La semplicità, ‘simplicity’, is the key to Italy’s famed eno-gastronomy. Simple, fresh ingredients characterize Italian cuisine, whether within a stone’s throw of Africa at the tip of Sicily, or at the top of the Alps along the French-Italian border. One could say that the cuisine varies as much as the history, culture and geography of each Italian region and province, and that there are subtle differences even from one village to the next.
Ligurian cuisine is no exception and, although based on the simplest of fresh ingredients, local fare is surprisingly rich.* The scrumptious Easter torta pasqualina, for example, with its base of bietola (chard), egg, curdled milk and carciofi (artichokes) was once quite difficult to make, requiring some 33 pastry folds to commemorate the number of Christ’s years on Earth. Today, most recipes call for only five or six folds. Other famous breads include focaccia, served plain and smothered with olive oil or topped with savory stracchino cheese; sgabei, a type of fried bread or chickpea farinata, a very popular regional specialty.
The Italian verb pestare means ‘to pound, to crush’, and whoever the strongman or strongwoman was to first mortar and pestle fresh basil, pine nuts, pecorino cheese and olive oil certainly deserves an enormous amount of credit. Pestois wonderful over trofie, al dente shreds of pasta often served with string beans and potatoes, and is also an important addition to the Ligurian minestrone. Another lesser-known but equally tasty variation on pesto is called pestun, and is made with fresh baby fava beans, mint, pecorino and olive oil pounded together and served on bruschetta. There are also a number of interesting types of Ligurian ravioli, such as borage ravioli; indeed, the pasta is claimed to have been invented nearby Gavi, Piedmont by the counts of Raviolo.*
Extending from the Mediterranean sea to the heights of the Alps and Apennines in a very short distance, Liguria's geographic and climatic diversity have given rise to a lush vegetation, with a great variety of herbs and vegetables. Herbs are liberally employed in various meat and game dishes, including rabbit alla ligure, with herbs and olives, and cima genovese, stuffed veal roll, which has marjoram as its most important herb. Like most Italians, Ligurians prepare their fish without intricate sauces, preferring to taste the wonderful freshness of their catch, though here too local herbs and olive oil are still utilized in dishes such as branzino alla ligure (sea bass with olives and potatoes). Ligurian anchovies are also some of the best anywhere, no relation whatsoever to the salty, canned variety found in Northern countries; in the Cinque Terre they are deliciously baked over slices of fresh tomato and potato.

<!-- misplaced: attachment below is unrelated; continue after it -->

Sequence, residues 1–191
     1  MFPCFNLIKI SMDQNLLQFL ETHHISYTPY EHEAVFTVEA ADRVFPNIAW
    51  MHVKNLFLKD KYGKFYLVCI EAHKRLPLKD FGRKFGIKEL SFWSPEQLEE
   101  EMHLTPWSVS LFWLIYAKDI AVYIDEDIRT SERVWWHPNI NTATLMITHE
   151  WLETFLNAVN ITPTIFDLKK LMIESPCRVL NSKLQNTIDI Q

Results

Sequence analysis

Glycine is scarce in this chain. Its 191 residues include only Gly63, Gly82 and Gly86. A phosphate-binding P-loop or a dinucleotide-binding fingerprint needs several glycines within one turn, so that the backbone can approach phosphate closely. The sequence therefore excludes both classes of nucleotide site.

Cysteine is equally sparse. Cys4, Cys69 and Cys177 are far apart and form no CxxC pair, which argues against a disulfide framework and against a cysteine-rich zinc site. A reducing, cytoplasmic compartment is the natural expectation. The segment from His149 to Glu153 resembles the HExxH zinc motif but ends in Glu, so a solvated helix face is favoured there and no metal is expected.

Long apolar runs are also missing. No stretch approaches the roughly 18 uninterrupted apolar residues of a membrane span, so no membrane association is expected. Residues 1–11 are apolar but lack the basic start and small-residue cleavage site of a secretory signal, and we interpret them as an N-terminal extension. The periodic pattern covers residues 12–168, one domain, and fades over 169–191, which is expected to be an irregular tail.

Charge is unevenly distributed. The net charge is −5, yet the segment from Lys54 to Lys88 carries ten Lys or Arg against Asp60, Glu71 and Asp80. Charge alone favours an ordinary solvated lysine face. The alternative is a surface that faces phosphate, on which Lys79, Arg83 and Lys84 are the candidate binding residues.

Ligurian olives and olive oil rank among Italy’s most treasured, including for example the small taggiasca olive. Tasty in their own right, the taggiasca produce a truly wonderful extra virgin olive oil; no surprise that many areas of Western Liguria have been covered with them since the 12th century, when they were widely planted by Benedictine monks.
In terms of wine, Liguria is best known for dry whites like the Vermentino and Pigato,which are marvelous with regional specialties such as marinated alici (anchovies) and baked orata fish. Notable red wines include the Rossese from Dolceacqua near the French border, and the Sangiovese, made from grapes grown in the hills near the Roman ruins of Luni, in Tuscany. The Cinque Terre has been famous for centuries for Sciacchetrà, the white passito wine made from grapes that have been partially dried to increase sugar and alcohol content.
Desserts include the chestnut flour castagnaccio pie, the torta limone (lemon pie) and the traditional pan dôçe, a rich sugar-coated, butter-filled unleavened cake with pine nuts, raisins, candied citrus fruits and orange flower extract. Walkers in particular will appreciate the simple bontà (goodness) of a big, surprisingly sweet lemon, perfect for an invigorating trailside snack.
In both of our Ligurian tours, Smugglers’ Return and Liguria Paradiso, you’ll have the chance to enjoy the great variety of Ligurian cuisine, both from the land and sea, and upon request partake in cooking classes with local chefs. Feel free to peruse these itineraries and contact us for any other information regarding Ligurian cuisine, natural environment, history or upcoming festivals. We look forward to designing and leading your next trip through the region.